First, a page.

​On the self-driving autopilot feature:

Tesla’s autopilot system is a far reach from truly autonomous driving but also tantalizingly close. It is very competent at typical and routine highway driving. It can hold its speed, adapting to changing traffic conditions. It can keep itself perfectly centered in a lane and on command perform neat, clean lane changes. Closer to home it can park itself with a precision I doubt I’ll ever match.

​And:

As with everything Tesla does, autopilot seems to be getting better each and every software update (which as a side note is amazing…my car is better now than when I bought it, which is quite a thing).

While now I find I rely on autopilot mostly just situationally when having the extra help is useful, I imagine the days where my skill exceeds my car’s will be short-lived. Sadly I don’t get software updates, my driving is probably about as good as it will ever be. It is bound to catch up.

​It sounds like fun. I'd like to get a Tesla, but I want it for the nerd fun, not for phantom dreams of clean energy. My Wisconsin electricity comes from a coal plant, so gasoline may well be cleaner than an "electric" car.

This entry was tagged. Cars Review

The TextExpander Goodbye

Dear Smile Software,

I've been a customer of yours for 5 years. I bought TextExpander for iOS (version 1.1) in 2011 and TextExpander for Mac (version 3.4) in 2012. I've purchased each successive version of the application. TextExpander 6 is the first version that I won't upgrade to.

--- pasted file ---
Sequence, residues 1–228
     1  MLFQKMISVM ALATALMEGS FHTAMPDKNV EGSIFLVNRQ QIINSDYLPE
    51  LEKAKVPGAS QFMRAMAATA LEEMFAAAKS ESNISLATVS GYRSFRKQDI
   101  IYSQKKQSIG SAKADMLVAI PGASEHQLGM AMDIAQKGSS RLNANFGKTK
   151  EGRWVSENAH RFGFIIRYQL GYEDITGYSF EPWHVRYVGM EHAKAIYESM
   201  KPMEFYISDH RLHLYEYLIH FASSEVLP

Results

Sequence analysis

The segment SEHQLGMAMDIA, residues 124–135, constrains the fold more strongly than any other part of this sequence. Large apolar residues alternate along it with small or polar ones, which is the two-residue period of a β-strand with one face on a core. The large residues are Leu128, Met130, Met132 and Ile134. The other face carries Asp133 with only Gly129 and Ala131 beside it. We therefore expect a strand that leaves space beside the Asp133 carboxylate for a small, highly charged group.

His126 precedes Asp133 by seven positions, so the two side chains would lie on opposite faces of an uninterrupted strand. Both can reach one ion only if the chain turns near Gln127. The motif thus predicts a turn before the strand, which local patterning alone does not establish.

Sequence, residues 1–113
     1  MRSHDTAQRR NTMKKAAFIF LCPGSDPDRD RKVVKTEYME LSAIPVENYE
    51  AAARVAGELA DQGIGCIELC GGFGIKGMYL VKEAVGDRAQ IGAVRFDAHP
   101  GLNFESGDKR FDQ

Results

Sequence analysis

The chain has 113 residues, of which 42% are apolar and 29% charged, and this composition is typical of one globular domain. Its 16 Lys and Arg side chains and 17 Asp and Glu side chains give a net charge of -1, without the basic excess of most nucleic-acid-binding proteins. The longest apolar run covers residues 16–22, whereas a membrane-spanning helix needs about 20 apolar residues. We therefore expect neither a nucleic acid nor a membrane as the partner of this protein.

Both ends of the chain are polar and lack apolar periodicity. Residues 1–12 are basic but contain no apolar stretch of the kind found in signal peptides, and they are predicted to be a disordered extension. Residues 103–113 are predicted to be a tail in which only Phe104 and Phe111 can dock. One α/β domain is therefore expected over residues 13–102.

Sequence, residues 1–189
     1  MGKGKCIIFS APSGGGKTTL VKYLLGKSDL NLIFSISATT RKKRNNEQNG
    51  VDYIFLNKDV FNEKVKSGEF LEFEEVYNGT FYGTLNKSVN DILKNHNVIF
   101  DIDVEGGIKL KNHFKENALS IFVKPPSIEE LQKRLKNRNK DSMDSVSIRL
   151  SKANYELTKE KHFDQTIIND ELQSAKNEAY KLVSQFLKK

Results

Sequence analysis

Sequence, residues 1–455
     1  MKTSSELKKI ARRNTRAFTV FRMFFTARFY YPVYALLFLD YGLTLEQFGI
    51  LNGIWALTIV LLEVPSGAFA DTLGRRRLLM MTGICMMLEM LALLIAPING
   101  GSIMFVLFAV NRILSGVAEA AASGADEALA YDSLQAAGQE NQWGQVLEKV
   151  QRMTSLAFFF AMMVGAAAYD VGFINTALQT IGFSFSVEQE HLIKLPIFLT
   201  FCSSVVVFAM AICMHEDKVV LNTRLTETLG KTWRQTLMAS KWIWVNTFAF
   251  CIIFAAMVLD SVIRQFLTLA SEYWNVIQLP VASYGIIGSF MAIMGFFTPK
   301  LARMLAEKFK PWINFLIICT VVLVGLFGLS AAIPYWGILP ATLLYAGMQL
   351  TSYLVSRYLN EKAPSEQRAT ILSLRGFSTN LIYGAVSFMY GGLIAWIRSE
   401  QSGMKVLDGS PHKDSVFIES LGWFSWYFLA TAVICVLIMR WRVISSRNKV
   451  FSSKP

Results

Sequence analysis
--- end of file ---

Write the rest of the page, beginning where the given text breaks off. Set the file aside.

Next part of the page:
I won't be upgrading because you've priced me out of your customer base. In the time that I've been a customer, I purchased the Mac app and two upgrades for it (one was a family pack upgrade). I've purchased two versions of the iOS app. I've spent a total of $90 on TextExpander, over the past 5 years.

With the release of TextExpander 6, you've moved TextExpander from a purchased application to a subscription application. With the existing customer discount, I can expect to pay about $24 for my first year of using TextExpander and about $50 for each subsequent year. That comes to a total five year cost of about $224. For me, TextExpander just became almost 3x more expensive.

I agree with what TJ Luoma wrote.

I don’t see anything that I really need in TextExpander version 6. I’m not using it with a “team” and my family members probably have no interest in sharing a group of text snippets with me. Yes, I realize that Smile made their own syncing service, but I have used iCloud, Dropbox, and BitTorrent Sync, and they work fine for TextExpander. Creating their own syncing service was solving a problem that I didn’t have.

I also agree with what Jordan Merrick wrote.

When it comes to TextExpander, however, the reason for a subscription isn't compelling, nor does it make sense for individuals. Even in the follow-up, Smile were awkwardly attempting to explain how their own syncing service could be of benefit to individuals: